I need to start by saying that I read this despite Oprah's recommendation. I know that having an Oprah seal of approval on a book is huge, leading to big sales and unimaginable publicity, but I tend not to read a book when she's recommended it. Nothing against Oprah, but who is she to tell me what to read? (Uh-oh, my teenage rebellion is coming out a little here. I thought that I was done with that!). I primarily read it for two reasons. 1. I have read many good reviews written by bloggers whose opinions I respect. 2. I followed the controversy surrounding Franzen's review in the New York Times, when Jodi Picoult and Jennifer Weiner (correctly) pointed out the NYT penchant for "white male literary darlings". Since I found the controvery interesting, I thought that by reading the book I would be able to have an intelligent opinion on the whole thing. Since I have read all of Jennifer Weiner's work, as well as one of Picoult's, I felt that I would have to give Franzen's Freedom a read to decide if I thought that it was worthy of the hype.
I didn't love this book at all. I won't be spilling its praises the next time I'm talking books. I won't be telling everyone how reading this novel changed my outlook on life. Frankly, I just didn't get it. Perhaps this makes me ignorant. Perhaps I'm best sticking to those kinds of books that I enjoy the most, but this just wasn't the one for me. I found the female characters, especially Patty, unrealistic. At no point was I thinking "Wow. Franzen really gets women". Quite the opposite. I found Freedom boring. And long. I think that he could have said the same thing in a quite a few less pages. For the most part I found the characters unlikable, which didn't help me to relate to them. Patty was whiny, Walter had very little visable backbone, and Joey acted like a spoiled brat.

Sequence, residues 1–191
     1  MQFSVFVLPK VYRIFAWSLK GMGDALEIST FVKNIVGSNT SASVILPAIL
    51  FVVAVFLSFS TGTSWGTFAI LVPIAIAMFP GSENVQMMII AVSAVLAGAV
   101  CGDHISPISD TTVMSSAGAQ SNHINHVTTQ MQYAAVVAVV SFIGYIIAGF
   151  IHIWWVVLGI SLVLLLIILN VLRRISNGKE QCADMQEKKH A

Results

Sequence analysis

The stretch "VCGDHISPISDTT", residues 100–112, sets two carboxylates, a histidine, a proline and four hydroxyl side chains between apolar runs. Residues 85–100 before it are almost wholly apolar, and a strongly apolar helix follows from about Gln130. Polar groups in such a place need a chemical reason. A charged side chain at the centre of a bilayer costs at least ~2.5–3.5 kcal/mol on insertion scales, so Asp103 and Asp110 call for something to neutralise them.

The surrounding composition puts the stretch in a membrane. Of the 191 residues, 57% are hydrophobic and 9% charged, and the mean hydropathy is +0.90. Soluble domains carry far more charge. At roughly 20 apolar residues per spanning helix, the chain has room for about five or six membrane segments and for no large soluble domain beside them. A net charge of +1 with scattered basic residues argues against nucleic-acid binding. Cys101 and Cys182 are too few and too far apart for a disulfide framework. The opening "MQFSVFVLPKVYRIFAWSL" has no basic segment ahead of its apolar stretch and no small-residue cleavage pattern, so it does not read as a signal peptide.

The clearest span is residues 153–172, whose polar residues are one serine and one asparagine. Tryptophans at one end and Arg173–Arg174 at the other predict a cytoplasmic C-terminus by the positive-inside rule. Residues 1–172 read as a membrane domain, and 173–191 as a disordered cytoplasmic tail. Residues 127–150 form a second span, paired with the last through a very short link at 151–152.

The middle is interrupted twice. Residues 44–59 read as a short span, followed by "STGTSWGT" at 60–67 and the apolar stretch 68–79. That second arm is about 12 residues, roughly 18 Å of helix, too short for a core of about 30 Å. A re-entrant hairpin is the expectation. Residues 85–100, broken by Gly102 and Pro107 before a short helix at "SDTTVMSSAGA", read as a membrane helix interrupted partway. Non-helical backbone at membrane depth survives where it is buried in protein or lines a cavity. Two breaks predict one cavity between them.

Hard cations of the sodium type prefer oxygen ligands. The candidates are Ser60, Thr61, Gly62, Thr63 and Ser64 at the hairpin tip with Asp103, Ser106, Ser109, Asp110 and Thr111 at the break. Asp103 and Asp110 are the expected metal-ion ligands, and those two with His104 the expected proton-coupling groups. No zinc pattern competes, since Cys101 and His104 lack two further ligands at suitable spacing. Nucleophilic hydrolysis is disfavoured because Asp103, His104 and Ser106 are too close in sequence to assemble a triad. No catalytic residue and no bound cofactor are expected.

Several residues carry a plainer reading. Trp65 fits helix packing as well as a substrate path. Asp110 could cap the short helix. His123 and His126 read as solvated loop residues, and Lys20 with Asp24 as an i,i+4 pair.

I can't say that Freedom was all bad. The first chapter was entirely engaging. The writing was above average, and I found the dialogue believable (one of my pet peeves is bad dialogue). Although I pretty much disliked the first three quarters of the novel, I did enjoy the last quarter. I found that the characters underwent transformations that made them entirely more likable and relatable. Oh, and there was one particularly great quote towards the end:
"Every year at tax time, it seems as if the year just past was shorter than the year before it; the years are becoming so similar to one another." (p. 535)Overall this wasn't the novel for me, personally. In my opinion, it is not entirely worthy of the hype. There are hundreds who disagree with me on this one, and there are those that feel much the same way as I did. I would venture to say that this is one that you need to read for yourself and form your own opinion about, because the opinions are going to be drastically varied.
Rating: 3 stars out of 5
Recommended to: Fans of Franzen's previous fiction
Challenges: 2010 100+ Reading Challenge, New Author Challenge 2010, 2010 Support Your Local Library Challenge